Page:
Volkswagen Board Member: PHEVs Aren’t “A Logical End Place To Go For”

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Volkswagen has a credibility problem. Following last year’s diesel emissions cheating scandal, various company execs have made a mixture of fluffy, unbelievable, and seemingly dishonest comments.

The company claims to be pursuing electric vehicle technologies, but it seems to be far behind leaders in the field, and even the leaders leave a lot to be desired. The recent news concerning Deutsche Post designing and manufacturing it’s own electric vans because there was nothing sufficient on the market is a case in point. Volkswagen’s unwillingness to offer compelling electric vehicles, even when there’s an obvious demand for them, is apparent — despite the comments being made by execs.

jurgen-stackmannOn that subject, though, Volkswagen AG board member Jurgen Stackmann recently did admit in a media interview that plug-in hybrids (PHEVs) aren’t “a logical end place to go for.”

The full quote reads: “Plug-in hybrids will be a continued way forward … but in the long run, as PHEVs are a call for two engine types carried with you, it’s not a logical end place to go for.”

The company has, of course, released quite a few PHEVs (mostly with nominal all-electric ranges). So, if PHEVs aren’t an end place worth aiming for, then why has the company been dragging its feet with regard to all-electrics that will be relevant for years/decades to come?

Push EVs provides some commentary on that subject: “The problem is the battery cells they chose. … The truth is that Volkswagen electric cars can’t be successful with their current battery cells made by Sanyo/Panasonic. These cells were designed for plug-in hybrids, they have high power density but the energy density is low. High energy density cells are what BEVs need to get higher range, but Volkswagen decided to use the same battery cells for every plug-in car, whether it’s BEV or PHEV. Even the upcoming 37 Ah battery cells only have an energy density of 410 Wh/L. This is great for the Volkswagen plug-in hybrids, but not for their BEVs.”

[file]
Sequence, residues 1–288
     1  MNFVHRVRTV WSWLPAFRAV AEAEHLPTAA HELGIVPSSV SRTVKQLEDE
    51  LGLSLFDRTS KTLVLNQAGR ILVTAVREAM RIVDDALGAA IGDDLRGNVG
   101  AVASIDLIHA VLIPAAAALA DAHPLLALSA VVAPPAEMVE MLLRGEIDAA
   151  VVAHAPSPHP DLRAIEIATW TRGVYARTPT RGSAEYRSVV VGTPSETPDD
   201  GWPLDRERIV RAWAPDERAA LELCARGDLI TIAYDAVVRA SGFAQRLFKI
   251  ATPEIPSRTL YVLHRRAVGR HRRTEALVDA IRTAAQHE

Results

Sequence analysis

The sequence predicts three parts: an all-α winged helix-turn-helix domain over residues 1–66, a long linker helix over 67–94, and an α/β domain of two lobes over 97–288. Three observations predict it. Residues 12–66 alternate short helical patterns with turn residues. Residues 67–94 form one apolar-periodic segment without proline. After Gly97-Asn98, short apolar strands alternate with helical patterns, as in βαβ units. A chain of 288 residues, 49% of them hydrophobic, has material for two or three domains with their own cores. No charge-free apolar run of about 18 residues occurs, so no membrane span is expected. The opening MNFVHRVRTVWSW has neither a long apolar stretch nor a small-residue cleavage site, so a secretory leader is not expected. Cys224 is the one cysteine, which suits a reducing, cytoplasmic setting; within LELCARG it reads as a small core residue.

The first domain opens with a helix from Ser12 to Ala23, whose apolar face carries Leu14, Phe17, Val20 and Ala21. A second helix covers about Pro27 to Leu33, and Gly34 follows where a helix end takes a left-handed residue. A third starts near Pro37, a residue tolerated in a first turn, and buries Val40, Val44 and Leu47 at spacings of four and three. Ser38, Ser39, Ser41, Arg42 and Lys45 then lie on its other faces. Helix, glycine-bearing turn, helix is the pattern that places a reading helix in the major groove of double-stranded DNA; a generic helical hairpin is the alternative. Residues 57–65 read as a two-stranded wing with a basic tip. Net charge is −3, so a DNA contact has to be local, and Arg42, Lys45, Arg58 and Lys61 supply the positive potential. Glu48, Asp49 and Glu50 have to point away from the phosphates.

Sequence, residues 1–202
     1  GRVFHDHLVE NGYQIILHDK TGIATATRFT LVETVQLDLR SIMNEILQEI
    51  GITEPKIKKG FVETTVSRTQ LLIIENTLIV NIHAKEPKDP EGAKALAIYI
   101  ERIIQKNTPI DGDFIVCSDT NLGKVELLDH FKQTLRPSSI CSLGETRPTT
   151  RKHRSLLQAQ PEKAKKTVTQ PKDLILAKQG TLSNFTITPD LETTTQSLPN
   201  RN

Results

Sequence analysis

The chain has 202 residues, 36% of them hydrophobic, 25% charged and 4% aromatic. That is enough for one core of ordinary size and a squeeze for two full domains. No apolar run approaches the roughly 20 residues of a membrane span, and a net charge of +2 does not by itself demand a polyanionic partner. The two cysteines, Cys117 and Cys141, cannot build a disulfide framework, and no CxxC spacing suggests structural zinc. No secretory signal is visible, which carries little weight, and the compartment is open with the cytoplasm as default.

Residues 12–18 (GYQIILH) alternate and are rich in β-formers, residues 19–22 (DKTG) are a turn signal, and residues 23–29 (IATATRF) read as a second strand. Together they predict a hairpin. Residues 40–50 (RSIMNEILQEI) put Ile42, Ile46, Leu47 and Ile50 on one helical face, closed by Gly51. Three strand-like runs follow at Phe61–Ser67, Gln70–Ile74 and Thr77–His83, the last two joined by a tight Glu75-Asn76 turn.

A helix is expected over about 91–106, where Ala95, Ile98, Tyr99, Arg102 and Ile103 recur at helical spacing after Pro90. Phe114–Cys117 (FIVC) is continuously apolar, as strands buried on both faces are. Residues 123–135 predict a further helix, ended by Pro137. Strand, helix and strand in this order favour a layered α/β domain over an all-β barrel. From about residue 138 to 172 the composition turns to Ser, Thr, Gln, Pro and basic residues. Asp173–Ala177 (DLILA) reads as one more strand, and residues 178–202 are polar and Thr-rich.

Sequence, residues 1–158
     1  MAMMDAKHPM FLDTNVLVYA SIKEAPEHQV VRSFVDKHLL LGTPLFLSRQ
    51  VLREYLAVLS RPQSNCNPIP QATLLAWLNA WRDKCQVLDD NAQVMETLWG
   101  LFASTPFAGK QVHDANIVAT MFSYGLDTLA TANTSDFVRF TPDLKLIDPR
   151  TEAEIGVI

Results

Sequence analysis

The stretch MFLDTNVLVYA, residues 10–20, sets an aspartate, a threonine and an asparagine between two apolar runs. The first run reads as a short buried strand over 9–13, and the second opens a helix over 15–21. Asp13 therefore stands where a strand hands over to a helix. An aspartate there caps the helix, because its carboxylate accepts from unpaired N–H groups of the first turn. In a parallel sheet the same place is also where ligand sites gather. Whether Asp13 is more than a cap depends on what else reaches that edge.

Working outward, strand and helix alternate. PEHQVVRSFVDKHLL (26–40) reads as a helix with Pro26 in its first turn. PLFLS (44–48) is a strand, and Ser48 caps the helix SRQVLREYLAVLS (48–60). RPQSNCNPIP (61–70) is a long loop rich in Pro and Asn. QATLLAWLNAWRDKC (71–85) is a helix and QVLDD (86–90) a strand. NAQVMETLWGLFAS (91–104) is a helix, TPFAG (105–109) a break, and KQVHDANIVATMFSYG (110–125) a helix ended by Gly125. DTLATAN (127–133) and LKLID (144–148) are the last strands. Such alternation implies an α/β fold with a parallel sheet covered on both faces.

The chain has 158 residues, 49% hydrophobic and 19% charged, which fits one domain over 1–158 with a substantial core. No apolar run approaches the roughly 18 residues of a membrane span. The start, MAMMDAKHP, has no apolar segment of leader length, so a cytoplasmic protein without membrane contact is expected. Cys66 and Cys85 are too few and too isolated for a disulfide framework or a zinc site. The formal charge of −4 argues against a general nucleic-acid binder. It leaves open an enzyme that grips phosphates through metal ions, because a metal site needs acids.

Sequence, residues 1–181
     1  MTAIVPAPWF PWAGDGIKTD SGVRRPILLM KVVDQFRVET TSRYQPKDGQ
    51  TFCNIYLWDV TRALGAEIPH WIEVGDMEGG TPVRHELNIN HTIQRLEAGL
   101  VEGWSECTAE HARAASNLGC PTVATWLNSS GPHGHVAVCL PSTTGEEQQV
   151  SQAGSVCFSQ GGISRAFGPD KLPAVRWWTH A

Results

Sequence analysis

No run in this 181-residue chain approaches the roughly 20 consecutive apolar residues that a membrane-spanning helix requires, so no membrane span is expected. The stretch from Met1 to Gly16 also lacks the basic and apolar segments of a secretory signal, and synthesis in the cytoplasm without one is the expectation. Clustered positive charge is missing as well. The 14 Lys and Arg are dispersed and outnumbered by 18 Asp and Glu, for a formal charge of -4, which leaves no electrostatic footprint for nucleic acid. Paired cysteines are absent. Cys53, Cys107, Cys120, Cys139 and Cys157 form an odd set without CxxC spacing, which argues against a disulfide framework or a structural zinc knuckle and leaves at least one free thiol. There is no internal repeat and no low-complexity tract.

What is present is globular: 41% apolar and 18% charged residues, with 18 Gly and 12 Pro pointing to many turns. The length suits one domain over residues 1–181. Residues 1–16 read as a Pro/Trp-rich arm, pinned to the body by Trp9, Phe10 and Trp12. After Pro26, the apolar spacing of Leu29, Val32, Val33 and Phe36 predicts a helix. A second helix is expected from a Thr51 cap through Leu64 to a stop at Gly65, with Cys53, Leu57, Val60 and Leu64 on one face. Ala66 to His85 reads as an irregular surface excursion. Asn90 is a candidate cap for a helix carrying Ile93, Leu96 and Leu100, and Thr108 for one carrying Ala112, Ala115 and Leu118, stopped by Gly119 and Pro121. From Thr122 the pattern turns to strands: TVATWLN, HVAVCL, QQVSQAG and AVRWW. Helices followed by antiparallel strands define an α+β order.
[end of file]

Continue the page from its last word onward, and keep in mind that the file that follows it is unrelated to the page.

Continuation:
Continuing: “Moral of the story, years ago Volkswagen chose to prioritize PHEVs and neglect BEVs. Their battery cell choice reflects it. Only now that Volkswagen had an epiphany, they understand that they need better battery cells for their BEVs. This is why Volkswagen is now saying that the electric revolution will come in 2020 with new battery cells and new BEVs. Probably powered by LG Chem cells. Let’s compare the 37 Ah Sanyo/Panasonic cells that will be used in the upcoming Volkswagen e-Golf (35.8 kWh battery) with the LG Chem cells that will be used in Zoe’s 41 kWh battery — Sanyo/Panasonic: 410 Wh/L; LG Chem: 484 Wh/L (this is a estimation by comparing to the old Zoe’s 275 Wh/L LG Chem cells). If the Volkswagen e-Golf had the same LG Chem cells that are used in the new Zoe ZE 40, the battery capacity would increase from 35.84 to 42.26 kWh.”

So, essentially, if Volkswagen was using the LG Chem cells being used in the new Renault Zoe ZE 40 in one of its e-Golfs, then Volkswagen would already have a pretty good EV on the market. Rather than in 2020.

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James Ayre

James Ayre's background is predominantly in geopolitics and history, but he has an obsessive interest in pretty much everything. After an early life spent in the Imperial Free City of Dortmund, James followed the river Ruhr to Cofbuokheim, where he attended the University of Astnide. And where he also briefly considered entering the coal mining business. He currently writes for a living, on a broad variety of subjects, ranging from science, to politics, to military history, to renewable energy.

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